That would be a great deal less clear. Would you therefore see it as better? Or would you agree that by muddying and cluttering the metaphor, it destroys it? I'm not asking this as a rhetorical question - I really want to know. Do you inherently value a lack of clarity, or are you instead seeking a deeper meaning and seeing a lack of clarity as a way to achieve that? If you like your own clean, clear sentence up there, can you see that sentences like that can be a tool to achieve the effect that you're after?

    ChickenFreak
     
  21. Mckk
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    Mckk Moderator Staff Supporter Contributor

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    Ditto ChickenFreak!

    Mario, if you write to frustrate, then no one will read your book... -_-;

    Learn to write clearly first, and THEN play with it all you like to muddy the waters. But if you can't write clearly, then "playing" with lack of clarity will make your writing meaningless. Words carry meaning - that is why we write - and if our readers cannot decipher the message behind it, then we have failed. You cannot hope to leave your writing "open" and still convey your own message. You can, however, imply multiple messages and in so doing, call it "open" because there're multiple ways of interpreting something - but that is different to a "lack of clarity". Do not mistake layers of meaning with the lack of meaning.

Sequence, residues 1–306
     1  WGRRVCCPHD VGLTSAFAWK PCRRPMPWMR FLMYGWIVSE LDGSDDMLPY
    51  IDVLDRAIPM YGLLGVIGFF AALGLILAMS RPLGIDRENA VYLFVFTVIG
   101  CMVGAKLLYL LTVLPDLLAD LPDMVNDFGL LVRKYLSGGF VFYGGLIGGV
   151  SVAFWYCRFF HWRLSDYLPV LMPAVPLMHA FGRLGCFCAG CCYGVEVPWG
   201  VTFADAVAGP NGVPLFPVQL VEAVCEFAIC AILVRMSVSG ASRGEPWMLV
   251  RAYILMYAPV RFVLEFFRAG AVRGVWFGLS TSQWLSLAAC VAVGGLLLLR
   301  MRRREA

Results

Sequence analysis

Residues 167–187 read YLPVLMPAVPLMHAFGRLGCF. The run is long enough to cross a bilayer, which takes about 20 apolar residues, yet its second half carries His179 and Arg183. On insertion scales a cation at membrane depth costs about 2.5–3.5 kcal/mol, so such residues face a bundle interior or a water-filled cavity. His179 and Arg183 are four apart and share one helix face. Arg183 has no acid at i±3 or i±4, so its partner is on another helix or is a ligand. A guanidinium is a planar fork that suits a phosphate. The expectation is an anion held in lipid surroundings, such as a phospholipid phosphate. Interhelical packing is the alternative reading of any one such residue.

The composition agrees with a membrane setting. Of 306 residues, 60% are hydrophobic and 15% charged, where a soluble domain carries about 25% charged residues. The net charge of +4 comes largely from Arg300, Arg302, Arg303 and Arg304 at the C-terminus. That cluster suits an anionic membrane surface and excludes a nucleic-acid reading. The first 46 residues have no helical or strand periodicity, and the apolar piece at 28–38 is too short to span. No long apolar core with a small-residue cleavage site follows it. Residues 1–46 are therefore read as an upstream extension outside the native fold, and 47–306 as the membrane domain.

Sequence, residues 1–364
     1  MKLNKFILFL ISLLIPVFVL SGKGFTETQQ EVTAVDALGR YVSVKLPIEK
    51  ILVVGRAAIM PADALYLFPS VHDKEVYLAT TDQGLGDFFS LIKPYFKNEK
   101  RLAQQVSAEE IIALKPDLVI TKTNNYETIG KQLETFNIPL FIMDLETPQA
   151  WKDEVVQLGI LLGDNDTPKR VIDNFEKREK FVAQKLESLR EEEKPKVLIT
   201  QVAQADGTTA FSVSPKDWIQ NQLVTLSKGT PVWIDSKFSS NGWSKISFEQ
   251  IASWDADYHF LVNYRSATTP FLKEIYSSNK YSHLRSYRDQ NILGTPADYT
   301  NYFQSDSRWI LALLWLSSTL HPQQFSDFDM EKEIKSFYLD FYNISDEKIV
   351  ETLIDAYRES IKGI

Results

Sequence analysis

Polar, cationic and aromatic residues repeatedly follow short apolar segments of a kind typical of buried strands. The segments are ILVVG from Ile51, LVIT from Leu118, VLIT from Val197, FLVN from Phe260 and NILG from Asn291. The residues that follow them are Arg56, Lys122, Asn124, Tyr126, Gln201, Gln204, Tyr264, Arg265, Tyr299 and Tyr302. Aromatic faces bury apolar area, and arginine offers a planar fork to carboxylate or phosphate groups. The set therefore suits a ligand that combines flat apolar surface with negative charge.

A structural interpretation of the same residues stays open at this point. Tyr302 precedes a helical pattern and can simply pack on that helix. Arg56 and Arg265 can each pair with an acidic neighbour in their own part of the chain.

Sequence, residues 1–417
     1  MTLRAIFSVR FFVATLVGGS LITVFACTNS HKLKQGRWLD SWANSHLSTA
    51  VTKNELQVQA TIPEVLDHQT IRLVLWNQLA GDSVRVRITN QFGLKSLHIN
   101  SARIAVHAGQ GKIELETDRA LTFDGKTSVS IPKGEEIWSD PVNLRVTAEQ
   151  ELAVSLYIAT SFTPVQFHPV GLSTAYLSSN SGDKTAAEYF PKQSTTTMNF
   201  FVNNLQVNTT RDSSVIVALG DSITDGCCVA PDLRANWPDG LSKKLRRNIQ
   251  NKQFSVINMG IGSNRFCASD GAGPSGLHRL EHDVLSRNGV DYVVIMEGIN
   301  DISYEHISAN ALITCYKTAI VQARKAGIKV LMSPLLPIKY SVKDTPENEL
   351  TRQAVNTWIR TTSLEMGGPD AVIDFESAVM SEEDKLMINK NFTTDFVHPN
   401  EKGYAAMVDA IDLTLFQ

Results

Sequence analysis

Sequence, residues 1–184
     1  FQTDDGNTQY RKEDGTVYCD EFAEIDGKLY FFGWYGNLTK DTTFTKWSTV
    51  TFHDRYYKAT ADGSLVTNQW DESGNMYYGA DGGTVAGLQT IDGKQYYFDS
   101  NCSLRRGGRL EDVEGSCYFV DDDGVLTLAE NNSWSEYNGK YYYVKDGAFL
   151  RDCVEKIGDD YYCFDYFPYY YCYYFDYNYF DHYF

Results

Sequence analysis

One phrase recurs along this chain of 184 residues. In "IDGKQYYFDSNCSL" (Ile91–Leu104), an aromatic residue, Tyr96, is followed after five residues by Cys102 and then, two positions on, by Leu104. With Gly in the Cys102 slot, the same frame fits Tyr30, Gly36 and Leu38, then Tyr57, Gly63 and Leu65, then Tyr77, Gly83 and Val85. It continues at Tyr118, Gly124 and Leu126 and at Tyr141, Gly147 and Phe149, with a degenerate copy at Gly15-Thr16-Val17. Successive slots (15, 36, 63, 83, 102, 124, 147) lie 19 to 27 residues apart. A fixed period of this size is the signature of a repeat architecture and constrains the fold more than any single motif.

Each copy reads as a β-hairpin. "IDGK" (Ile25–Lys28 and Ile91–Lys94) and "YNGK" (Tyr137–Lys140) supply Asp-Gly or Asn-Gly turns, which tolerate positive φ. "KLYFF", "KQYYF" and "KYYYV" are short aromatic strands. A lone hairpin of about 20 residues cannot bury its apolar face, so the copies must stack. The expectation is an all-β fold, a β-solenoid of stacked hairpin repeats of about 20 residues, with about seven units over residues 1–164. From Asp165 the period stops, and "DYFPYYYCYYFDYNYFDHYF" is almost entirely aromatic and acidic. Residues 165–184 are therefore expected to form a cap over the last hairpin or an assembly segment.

22. mammamaia
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    mammamaia nit-picker-in-chief Contributor

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    well put!

    no one spends good money on a book because they want to be frustrated by a writer who doesn't care whether they get what he's saying or not...
     
  23. Mario
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    Mario New Member

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    Thanks for your rather exaggerated example, Chicken. I can assure you I'm not trying to purposefully be unclear. My goal is to give my reader room for personal interpretation as well as good idea of what the sentence is trying to convey. It seems littered in some areas such as "...contort the night in a way that would absolve him from the most embarrassment". This is a bit over the top, I agree. But again, I'm not trying to be purposefully confusing or use superior wording just to illustrate my writing as superior. I'm JUST TRYING to find that balance and apply it where it is necessary.